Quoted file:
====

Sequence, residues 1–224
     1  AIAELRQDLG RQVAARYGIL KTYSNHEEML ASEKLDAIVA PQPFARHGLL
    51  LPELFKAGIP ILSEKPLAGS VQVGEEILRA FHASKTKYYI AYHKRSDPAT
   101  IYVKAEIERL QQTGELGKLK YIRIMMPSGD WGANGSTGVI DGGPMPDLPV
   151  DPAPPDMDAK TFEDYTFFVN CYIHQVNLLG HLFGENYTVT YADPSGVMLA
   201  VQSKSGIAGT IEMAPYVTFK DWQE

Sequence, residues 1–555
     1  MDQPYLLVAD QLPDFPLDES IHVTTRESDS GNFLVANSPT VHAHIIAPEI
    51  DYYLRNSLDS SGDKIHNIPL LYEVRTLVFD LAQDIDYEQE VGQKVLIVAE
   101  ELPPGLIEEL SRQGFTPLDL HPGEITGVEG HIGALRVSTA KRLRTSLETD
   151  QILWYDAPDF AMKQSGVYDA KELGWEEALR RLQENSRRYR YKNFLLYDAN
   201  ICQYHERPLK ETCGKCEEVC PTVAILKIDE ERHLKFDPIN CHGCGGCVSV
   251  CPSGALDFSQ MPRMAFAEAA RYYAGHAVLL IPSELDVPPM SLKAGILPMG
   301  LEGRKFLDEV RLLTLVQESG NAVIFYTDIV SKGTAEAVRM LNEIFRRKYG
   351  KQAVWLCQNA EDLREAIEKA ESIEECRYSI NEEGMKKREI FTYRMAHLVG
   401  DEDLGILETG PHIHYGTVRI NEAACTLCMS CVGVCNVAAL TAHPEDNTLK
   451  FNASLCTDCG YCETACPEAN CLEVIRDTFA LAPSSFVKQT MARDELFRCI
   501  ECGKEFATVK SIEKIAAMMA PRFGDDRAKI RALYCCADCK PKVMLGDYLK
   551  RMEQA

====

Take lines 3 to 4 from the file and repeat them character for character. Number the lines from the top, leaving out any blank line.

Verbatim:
    51  LPELFKAGIP ILSEKPLAGS VQVGEEILRA FHASKTKYYI AYHKRSDPAT
   101  IYVKAEIERL QQTGELGKLK YIRIMMPSGD WGANGSTGVI DGGPMPDLPV